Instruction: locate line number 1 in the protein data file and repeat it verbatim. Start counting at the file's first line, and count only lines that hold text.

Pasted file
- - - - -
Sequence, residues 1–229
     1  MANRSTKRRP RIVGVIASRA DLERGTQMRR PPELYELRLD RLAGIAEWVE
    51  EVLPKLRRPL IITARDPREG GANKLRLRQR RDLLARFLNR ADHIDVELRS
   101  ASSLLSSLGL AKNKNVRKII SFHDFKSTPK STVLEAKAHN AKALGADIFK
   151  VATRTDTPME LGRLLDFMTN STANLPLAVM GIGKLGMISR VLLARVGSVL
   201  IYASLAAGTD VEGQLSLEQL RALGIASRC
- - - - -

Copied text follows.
Sequence, residues 1–229